Welcome to the future. It’s an intimidating place. Donald Trump may very well be the next president and Mario Testino’s iconic Towel Series, featuring photos of notables like Naomi Campbell, Kristen Stewart, Anna Wintour, Gigi Hadid and Blake Lively wrapped up in varying amounts of terrycloth, now comes in 3D.
The idea for Testino’s photo series came when he spotted Kate Moss reclining during an “off” moment on set, her body sheathed in a white robe, her hair secured in a towel turban. Thenceforth, the Peruvian photographer often follows his commissioned shoots with a stripped-down segment. The ongoing project, documented on the shutterbug’s social media, seeks to liberate its subjects. Testino holds: “I think girls and guys feel this freedom at being able to express themselves because there is no predetermined way of how they should put the towel on. You can do anything you want…wear it however you want.”
Thanks to Facebook, the Peruvian photographer has also been liberated — from the confines of 2D portraiture. Panoramic photographs have officially made the jump from red carpet fashion inspections into our everyday lives. Yesterday, the social media channel unveiled its Facebook 360-degree image option, which allows viewers to create 3D photos by uploading panoramic shots or snaps taken with specialized 360-degree apps and cameras. Friends and followers can then observe every angle of the scene by clicking and dragging said photos.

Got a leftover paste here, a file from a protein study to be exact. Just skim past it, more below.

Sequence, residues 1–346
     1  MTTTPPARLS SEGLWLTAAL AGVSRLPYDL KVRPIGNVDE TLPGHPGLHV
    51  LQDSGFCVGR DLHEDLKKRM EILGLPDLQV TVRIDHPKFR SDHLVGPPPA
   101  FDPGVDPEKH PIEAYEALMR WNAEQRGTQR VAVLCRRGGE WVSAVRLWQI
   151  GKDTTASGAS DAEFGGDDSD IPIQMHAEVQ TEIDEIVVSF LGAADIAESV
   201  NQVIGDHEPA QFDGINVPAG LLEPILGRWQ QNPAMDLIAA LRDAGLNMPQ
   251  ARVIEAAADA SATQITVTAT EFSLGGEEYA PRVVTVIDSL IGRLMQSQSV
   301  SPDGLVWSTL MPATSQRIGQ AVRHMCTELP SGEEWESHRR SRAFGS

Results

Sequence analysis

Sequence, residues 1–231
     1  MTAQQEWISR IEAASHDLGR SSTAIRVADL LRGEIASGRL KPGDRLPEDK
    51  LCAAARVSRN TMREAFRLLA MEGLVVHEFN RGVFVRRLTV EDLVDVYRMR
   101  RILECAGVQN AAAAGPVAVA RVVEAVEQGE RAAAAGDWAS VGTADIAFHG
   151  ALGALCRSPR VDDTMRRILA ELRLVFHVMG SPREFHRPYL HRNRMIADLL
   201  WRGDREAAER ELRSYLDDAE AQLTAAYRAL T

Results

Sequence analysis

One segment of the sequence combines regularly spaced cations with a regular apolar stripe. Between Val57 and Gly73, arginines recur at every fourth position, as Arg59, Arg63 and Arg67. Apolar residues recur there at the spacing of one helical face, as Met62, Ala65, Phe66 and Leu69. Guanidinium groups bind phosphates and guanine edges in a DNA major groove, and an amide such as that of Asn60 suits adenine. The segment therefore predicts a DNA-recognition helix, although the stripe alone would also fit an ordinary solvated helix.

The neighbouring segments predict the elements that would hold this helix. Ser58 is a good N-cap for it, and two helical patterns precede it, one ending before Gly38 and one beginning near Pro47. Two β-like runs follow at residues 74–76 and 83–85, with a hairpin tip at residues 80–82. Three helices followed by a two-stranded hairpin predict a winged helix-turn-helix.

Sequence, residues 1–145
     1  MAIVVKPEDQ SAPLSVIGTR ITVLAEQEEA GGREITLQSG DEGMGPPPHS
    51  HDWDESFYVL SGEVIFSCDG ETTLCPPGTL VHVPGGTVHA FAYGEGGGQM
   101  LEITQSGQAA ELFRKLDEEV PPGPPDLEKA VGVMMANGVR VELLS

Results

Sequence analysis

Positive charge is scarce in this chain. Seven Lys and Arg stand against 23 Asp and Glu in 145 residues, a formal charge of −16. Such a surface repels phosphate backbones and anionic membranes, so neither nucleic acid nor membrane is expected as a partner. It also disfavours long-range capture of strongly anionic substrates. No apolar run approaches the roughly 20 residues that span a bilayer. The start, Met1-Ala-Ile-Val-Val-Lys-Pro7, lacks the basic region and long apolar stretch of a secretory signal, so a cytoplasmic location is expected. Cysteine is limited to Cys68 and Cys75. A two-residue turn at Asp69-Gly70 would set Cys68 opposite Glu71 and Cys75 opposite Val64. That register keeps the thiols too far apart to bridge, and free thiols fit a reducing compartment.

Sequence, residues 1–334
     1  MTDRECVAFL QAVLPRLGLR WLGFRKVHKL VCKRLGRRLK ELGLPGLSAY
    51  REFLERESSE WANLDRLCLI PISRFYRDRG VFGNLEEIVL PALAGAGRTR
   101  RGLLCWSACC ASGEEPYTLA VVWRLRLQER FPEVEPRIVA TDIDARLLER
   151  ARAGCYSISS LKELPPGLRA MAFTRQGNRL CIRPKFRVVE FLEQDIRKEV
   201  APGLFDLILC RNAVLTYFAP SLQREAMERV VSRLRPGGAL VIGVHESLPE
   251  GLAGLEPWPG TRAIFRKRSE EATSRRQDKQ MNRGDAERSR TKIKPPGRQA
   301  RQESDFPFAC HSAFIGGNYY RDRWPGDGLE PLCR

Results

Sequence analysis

And who better to demonstrate the feature’s functionality than Testino, with a little help from models Karlie Kloss and Lily Aldridge. The photographer’s latest Towel Series breaks the fourth wall, allowing fans to hold and drag the black and white photo to see a smiling Testino and his crew in action. Owners of virtual reality headsets can further geek out to a fully immersive view.
Of course, Facebook isn’t going to the trouble of implementing this feature just so we can better envision our dream of reenacting Gigi and Zayn’s steamy photoshoot. According to CNET, this is all a ploy to keep us on pages longer so we’re exposed to more ads. As if we’d pay any attention to those when there are models in towels to ogle.
[ via Glossy ]